While the traditional modes are self-explanatory - albeit aided greatly by the inclusion of hardcore versions that remove the HUD, mini map and reticles Hotline and Blood Money are the new additions to the family that are receiving a lot of attention from gamers.

Blood Money takes a page out of nearly every bank heist and dramatic robbery scene in entertainment history, as you find two factions (the cops and robbers, of course) battling over a single vault in the middle of the map. Both factions are raiding the money within and are tasked with bringing the loot back to their own vault on respective sides of the map.

Simple at its core, the action is heightened when you realize how important teammates are in this mode. With a wheelman required to drive the van that will escort, ideally, the entire team back to your own vault, dependence on your fellow looters is something you become quickly aware of.

While you very well can load up handfuls of cash and bolt out of the center vault, it serves the entire team well to coordinate their exit and leave simultaneously in the same vehicles. Rather, novice teams will often abandon each other in timeless bouts of greed and cowardice; it is not uncommon to see one person drive away with a couple fistfuls of cash, leaving the rest of his team to scramble and die attempting to escape.

Hotline is a bit less dependent on the gracious nature of your teammates, as vehicles act as moving capture points that amass score for your team. The mobility of the vehicles make them a difficult target to stifle on foot, and in a way similar to the Decryption mode showcased in Watch Dogs, you will often find the drivers skirting around the outer rims of the map limits.

The mode can be fun and planning out the potential path of your targets is exciting, particularly if your suspicions are validated and you happen to blow up their mobile capture point. However, the majority of time is still spent in Conquest, Blood Money and Team Deathmatch, with Hotline acting as the most neglected of the modes.

Once again, in all modes the vehicles are a potentially large turning point for any match. With helicopters, motorcycles, armored vans and SUVs at your disposal, a fully loaded vehicle with a decent driver and focused gunmen can easily shift a match in your favor. The instances in which competent drivers are found are few and far between, but when everything comes together in a strong, coherent manner there is no doubt that Battlefield is a title that does vehicles in multiplayer right.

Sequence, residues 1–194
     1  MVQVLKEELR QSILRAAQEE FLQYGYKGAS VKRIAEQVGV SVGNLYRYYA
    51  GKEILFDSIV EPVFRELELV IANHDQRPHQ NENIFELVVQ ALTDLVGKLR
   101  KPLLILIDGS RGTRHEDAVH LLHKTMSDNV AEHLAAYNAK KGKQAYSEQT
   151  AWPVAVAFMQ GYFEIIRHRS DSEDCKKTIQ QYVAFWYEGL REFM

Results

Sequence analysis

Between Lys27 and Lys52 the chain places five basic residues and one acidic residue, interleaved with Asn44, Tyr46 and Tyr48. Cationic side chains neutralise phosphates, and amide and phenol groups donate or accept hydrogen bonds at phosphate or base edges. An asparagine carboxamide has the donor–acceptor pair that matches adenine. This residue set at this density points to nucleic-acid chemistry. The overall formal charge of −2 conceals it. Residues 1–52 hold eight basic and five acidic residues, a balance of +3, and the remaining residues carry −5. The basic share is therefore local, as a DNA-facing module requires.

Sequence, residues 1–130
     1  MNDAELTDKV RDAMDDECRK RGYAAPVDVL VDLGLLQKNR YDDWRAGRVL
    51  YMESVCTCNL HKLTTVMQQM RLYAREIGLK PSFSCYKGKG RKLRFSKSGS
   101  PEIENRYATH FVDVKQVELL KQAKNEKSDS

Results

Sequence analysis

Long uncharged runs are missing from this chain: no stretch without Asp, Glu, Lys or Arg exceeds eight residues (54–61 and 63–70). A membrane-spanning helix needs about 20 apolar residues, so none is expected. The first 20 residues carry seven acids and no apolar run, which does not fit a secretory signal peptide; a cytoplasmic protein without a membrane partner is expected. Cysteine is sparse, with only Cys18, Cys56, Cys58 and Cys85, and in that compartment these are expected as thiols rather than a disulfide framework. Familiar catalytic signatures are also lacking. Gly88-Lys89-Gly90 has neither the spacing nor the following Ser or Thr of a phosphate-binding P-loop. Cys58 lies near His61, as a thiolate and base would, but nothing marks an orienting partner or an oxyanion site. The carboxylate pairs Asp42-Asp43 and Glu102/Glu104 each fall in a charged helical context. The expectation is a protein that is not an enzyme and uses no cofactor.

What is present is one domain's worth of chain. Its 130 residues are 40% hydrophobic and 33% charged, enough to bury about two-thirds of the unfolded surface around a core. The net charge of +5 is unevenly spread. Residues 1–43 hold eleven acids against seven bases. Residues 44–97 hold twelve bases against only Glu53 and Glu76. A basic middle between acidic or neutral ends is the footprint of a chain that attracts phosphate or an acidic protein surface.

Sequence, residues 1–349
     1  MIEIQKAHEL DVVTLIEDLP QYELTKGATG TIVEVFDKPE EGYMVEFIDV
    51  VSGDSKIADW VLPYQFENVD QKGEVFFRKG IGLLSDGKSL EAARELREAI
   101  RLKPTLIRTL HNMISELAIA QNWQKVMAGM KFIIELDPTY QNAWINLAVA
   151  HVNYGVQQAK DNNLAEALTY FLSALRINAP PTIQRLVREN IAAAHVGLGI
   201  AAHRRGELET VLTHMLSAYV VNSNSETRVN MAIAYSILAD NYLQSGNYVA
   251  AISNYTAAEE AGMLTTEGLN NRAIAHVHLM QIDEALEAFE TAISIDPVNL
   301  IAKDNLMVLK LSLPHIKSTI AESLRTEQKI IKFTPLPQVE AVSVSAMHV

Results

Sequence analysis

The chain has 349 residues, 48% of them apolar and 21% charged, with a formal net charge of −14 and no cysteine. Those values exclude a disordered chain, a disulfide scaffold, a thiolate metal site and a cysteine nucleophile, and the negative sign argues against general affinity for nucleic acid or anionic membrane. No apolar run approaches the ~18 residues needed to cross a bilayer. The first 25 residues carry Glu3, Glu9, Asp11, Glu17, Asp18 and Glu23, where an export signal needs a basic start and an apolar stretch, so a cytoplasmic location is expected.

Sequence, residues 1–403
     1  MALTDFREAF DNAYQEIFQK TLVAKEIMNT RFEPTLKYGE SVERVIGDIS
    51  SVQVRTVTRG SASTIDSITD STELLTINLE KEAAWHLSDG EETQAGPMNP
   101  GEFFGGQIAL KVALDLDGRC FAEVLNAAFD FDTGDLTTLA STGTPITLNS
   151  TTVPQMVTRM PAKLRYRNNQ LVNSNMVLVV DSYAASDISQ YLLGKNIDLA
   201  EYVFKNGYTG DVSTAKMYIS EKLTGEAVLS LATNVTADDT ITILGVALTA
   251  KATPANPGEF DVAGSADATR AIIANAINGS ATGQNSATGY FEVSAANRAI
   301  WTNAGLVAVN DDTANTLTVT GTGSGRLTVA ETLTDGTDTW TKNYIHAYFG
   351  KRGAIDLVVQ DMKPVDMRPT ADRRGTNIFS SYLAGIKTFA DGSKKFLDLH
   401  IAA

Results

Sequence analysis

Rent vs. Buy: There is much to be said about the excellent, but short lived campaign of Battlefield Hardline. While it is a detriment to the image of perfection that much of Hardline manages to attain, in all honesty it is quite clear that most gamers buy a title like Hardline generally for the multiplayer.

Fortunately, the multiplayer shines and is an utter time-sink for gamers. Simple things such as ranking up, amassing money with which you purchase new equipment and weapons with and learning the subtleties of every map serve as excellent distractions from not only your pathetic life but also the actual exquisite Battlefield gameplay as a whole.

Assuming you are not foolish enough to expect a lengthy campaign that you will replay over and over, there is assuredly very little reason not to pick up what turned out to be one of the best installments in the long running Battlefield series.

Report Card

Assuming you are not foolish enough to expect a lengthy campaign that you will replay over and over, there is assuredly very little reason not to pick up what turned out to be one of the best installments in the long running Battlefield series. (Krakrabbit.com)